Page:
The first step is to abandon the notion that there some indecency in doing odd-jobs and chores for other human beings. There is a fine line between teaching a child the value of hard work and child labour. If we show a child that it is okay to look down their noses upon people who are doing hard work, then what values are we really teaching them?
There is another side to this problem, the lack of odd jobs. Fast food joints are not famous for hiring part-time employees – why would they, when full-time labour is cheaper to train and retain? Moreover, there are no environments even in the poshest of areas that can be considered safe enough to let your child in. Constant supervision is still going to be required. This requires reform.
There is a lot of incentive to create a premium on such a small-scale socio-economic reform. Because our economy is back on the rise. According to an Economic Survey:
“Major success of the outgoing fiscal year includes: picking up economic growth, inflation contained at lowest level since 2003, improvement in tax collection, reduction in fiscal deficit, worker remittances touches new height, successful launching of Sukuk, foreign exchange reserves significantly increased and stock market created new history”
So everything is on the rise, this means more money in the economy and more tasks that can be distributed.
Additionally, another medium of work goes widely ignored for children is what you and I are doing right now. I am writing this article on a computer, you are reading it on an electronic device. If this is where a child’s focus lies, then perhaps they would be open to different tasks coming to them through it.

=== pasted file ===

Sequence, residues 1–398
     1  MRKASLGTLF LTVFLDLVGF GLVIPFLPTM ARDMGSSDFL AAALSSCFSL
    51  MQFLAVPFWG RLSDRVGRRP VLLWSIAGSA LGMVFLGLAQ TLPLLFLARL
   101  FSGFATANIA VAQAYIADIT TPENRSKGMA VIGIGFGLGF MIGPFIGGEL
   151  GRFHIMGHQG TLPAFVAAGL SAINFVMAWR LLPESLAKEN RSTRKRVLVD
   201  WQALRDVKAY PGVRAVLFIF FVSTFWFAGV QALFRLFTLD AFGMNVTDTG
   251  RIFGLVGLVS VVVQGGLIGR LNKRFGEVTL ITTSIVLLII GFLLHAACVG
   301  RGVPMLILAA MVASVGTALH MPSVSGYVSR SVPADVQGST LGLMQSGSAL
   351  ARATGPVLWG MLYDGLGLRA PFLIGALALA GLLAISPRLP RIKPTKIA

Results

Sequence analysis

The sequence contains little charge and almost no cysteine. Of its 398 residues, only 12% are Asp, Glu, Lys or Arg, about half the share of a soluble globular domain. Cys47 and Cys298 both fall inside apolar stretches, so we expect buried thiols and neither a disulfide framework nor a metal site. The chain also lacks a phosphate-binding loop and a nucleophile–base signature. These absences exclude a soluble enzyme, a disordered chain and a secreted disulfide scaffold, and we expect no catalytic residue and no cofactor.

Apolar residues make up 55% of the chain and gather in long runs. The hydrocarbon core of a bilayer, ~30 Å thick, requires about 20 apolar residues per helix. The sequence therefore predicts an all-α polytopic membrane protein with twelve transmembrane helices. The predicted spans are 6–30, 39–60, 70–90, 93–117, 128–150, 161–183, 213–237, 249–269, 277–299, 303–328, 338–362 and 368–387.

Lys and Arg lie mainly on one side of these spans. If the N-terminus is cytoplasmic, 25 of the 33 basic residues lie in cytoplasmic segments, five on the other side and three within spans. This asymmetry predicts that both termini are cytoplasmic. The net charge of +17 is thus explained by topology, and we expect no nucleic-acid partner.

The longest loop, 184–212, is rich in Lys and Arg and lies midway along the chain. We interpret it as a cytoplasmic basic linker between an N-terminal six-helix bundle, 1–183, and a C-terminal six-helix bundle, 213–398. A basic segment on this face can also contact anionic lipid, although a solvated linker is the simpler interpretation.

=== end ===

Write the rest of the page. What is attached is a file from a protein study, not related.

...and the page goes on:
There are Bloggers, YouTubers and Viners around the world who start as young as 13 and do well enough to make a decent living off of it, because they have schedules, follow-up, accountability for their words/actions, the key is consistency.
With successful Kickstarter campaigns such as Markhor (hand crafted shoes) and Mont5 (leather goods), E-commerce and digital content is where the markets are shifting. It makes sense to get acclimated to the profitable side of the internet while so much of our time is being spent on it anyway. I once saw a young adult (~20 y.o.), write a very large passage on a plane using only his phone. Despite there being easier ways to write (switching windows constantly is hardly efficient) it was still heartening to see someone pursue their interests in any format possible.
Pakistan has a unique culture, there are people in lower economic brackets who hire housekeepers and/or cooks to help out, the more “well-off” families are, the more tasks they can get help with. Which makes sense for adults (to a certain degree), but it does not make sense for children to grow up thinking that there are things around the house that fall under “not my job”.
I once worked with a group in Islamabad who launched a program called “Inspire Pakistan”, they helped train school children from public schools take responsibility for their environments and trained teachers to strengthen these lessons. These children went back and cleaned their schools on their own, even the toilets. It may sound demeaning, but these children did not wait for someone else to do what they can easily do themselves. When I last checked, they had reached out to 10,000 students all over Pakistan in a handful of years. That is 10,000 students from numerous backgrounds who accepted their responsibilities. Something that should be taught and enforced from day one.
I refer to this as a socio-economic reform because it is everyone’s responsibility at this point. Our banks want children to have savings accounts, but won’t have their employees have a “Take your son/daughter to work day”.
In short, we benefit as a society and as a country by having people who grow up understanding, appreciating, and actually indulging in hard work. This is what lubricates international economies, perhaps we should consider changing oil ourselves.